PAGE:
Gabe wiped his makeup brushes down with a cleaning solution and placed them in his tool kit. Still making a name for himself since he’d won season five of the reality show, Monster Makeup Challenge, being associated with someone the press had coined Disaster Diva Rosalind Devoe could put a stain on his career.
All my other friends from L.A. deserted me at the first sign of scandal. But not Gabe. Best friends since our moms had met on a cheesy soap opera in the late 90s, he was the type of friend who called me on my birthday and the anniversary of Mom’s death. Plus every few days in between.
I grabbed his forearm, careful not to smear the fake blood applied to my hand. “I appreciate you pulling some strings and getting me on the set. Especially since I can’t be more than a few hours’ drive from Grammy. I honestly don’t know what I’d do without you.”
A smile worked away the worry on his face, but sympathy filled his brown eyes. “Have the police found any leads on your brother yet?”
A hard sigh escaped my lips making the goo travel from my lip to my chin. How often did a twin turn out to be evil? There had to be a statistical study on this somewhere. And if that study paid a premium price I’d volunteer for it in a heartbeat. “I’m sure Victor’s in some non-extradition country. But I don’t want to think about him right now. I want to work. It feels good to be back.”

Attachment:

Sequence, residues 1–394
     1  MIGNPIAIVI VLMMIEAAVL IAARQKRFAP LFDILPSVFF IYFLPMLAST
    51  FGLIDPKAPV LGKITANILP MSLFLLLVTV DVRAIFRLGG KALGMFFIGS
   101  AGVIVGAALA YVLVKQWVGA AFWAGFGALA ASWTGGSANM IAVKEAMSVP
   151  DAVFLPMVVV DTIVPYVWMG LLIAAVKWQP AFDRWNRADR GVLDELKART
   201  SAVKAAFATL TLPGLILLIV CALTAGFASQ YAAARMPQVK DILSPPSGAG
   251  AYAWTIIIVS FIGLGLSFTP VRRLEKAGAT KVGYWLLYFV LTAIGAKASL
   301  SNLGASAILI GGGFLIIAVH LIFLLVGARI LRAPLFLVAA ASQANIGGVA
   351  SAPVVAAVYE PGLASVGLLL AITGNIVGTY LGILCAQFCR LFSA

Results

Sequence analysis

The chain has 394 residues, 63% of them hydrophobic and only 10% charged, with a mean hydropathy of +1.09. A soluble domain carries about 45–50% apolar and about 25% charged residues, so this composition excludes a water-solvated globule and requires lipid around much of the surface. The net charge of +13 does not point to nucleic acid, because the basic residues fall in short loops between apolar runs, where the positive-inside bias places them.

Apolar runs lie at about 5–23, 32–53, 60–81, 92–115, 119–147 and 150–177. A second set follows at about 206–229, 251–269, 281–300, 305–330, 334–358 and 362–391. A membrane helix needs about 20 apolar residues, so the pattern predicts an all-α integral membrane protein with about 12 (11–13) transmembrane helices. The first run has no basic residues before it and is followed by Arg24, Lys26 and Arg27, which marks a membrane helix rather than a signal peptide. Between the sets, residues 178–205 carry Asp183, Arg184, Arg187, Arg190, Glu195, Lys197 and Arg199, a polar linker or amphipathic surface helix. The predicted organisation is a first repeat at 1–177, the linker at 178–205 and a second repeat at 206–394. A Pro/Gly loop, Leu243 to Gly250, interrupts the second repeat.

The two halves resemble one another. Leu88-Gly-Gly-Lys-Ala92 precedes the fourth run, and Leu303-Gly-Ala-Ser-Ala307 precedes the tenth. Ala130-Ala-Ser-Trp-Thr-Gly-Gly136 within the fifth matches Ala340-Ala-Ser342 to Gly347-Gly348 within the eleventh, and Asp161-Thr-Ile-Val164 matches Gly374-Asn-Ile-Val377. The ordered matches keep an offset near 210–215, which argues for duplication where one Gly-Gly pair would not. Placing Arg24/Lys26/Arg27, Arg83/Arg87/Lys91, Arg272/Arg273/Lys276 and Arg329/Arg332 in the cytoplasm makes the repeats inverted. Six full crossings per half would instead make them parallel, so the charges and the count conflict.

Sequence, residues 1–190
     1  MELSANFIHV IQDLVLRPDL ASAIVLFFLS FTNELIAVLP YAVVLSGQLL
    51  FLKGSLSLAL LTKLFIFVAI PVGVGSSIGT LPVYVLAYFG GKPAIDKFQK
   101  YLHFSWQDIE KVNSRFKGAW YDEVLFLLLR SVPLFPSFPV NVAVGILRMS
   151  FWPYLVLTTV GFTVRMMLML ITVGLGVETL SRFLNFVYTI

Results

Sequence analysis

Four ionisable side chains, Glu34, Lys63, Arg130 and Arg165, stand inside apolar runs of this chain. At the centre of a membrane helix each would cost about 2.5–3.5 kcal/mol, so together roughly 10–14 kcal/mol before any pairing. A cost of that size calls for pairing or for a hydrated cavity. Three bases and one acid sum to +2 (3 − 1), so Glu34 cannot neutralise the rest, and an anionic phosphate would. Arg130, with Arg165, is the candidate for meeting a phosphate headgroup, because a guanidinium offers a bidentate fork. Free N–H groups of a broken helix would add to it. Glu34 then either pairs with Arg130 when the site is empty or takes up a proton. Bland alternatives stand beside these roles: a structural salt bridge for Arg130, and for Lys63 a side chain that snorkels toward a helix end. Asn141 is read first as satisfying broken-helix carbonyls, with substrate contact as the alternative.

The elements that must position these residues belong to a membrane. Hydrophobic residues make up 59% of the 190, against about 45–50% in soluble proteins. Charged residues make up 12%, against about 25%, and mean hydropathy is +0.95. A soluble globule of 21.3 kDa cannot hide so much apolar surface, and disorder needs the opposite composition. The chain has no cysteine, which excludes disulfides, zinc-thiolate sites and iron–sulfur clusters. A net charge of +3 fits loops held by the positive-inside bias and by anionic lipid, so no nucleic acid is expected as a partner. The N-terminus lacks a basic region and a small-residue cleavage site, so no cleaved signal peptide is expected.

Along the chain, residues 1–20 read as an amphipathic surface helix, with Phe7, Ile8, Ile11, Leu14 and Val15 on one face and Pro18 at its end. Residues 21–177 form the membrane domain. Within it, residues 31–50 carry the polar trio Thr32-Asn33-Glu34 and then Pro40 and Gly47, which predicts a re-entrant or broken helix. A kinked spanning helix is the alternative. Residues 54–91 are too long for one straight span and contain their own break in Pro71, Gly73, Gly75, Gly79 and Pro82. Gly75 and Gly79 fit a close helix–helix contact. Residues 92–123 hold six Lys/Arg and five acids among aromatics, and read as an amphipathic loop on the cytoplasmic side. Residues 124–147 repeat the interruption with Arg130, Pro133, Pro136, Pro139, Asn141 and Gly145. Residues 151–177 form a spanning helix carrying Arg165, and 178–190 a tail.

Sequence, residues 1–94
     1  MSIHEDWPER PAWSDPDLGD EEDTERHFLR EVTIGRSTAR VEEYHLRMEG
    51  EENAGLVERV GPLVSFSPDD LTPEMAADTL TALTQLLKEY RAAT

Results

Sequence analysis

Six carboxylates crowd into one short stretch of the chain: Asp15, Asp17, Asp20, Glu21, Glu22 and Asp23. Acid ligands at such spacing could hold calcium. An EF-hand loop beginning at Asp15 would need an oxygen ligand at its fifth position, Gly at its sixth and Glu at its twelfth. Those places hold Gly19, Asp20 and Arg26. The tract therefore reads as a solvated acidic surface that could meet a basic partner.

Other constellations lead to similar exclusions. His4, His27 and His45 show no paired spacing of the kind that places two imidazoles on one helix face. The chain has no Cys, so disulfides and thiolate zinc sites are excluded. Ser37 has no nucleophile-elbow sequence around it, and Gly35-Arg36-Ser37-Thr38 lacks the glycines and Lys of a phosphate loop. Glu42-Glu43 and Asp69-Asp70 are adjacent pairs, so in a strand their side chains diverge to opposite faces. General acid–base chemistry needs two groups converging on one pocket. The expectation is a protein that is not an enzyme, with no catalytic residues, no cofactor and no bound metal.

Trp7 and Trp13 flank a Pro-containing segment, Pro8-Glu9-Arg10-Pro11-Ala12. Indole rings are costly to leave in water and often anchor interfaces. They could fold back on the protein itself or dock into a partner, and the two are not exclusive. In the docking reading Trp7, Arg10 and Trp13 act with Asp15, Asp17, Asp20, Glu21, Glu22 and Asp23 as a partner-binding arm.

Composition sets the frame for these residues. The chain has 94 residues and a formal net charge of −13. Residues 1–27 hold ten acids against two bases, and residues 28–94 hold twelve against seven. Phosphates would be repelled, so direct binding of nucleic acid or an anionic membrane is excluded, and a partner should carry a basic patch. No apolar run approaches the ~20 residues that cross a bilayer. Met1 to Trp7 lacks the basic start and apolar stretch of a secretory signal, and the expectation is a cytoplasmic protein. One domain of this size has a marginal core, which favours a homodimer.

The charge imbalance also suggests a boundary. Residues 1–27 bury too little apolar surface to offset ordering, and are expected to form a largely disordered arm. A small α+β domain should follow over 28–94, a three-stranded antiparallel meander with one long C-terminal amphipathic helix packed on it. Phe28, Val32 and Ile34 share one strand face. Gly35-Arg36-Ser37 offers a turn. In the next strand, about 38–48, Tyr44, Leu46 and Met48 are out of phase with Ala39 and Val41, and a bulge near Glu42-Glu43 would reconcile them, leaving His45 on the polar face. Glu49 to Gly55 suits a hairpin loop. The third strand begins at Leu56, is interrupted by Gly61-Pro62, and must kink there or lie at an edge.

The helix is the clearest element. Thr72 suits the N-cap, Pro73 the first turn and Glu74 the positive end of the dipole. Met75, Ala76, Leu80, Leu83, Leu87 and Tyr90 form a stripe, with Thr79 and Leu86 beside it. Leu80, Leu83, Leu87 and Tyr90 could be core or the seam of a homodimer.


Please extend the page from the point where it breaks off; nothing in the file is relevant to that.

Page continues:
I meant that. Even if this particular job meant dragging my left leg through pine needles and North Georgia tick-country as a zombie extra on a low-budget Sci-Fi flick. I loved acting and giving myself over to being another character. I loved being an actress and all the fun that came along with it. Well, used to come along with it. But I could get there again. After my chaotic life settled, I’d get back to L.A. and start over.
A sound check guy came in and twisted wires through my bra and clamped a mic pack around my waist. He lingered a little too long with his hands beneath my tattered shirt, and I lowered my voice and added a bit more southern twang than usual. “You about done there, fella?”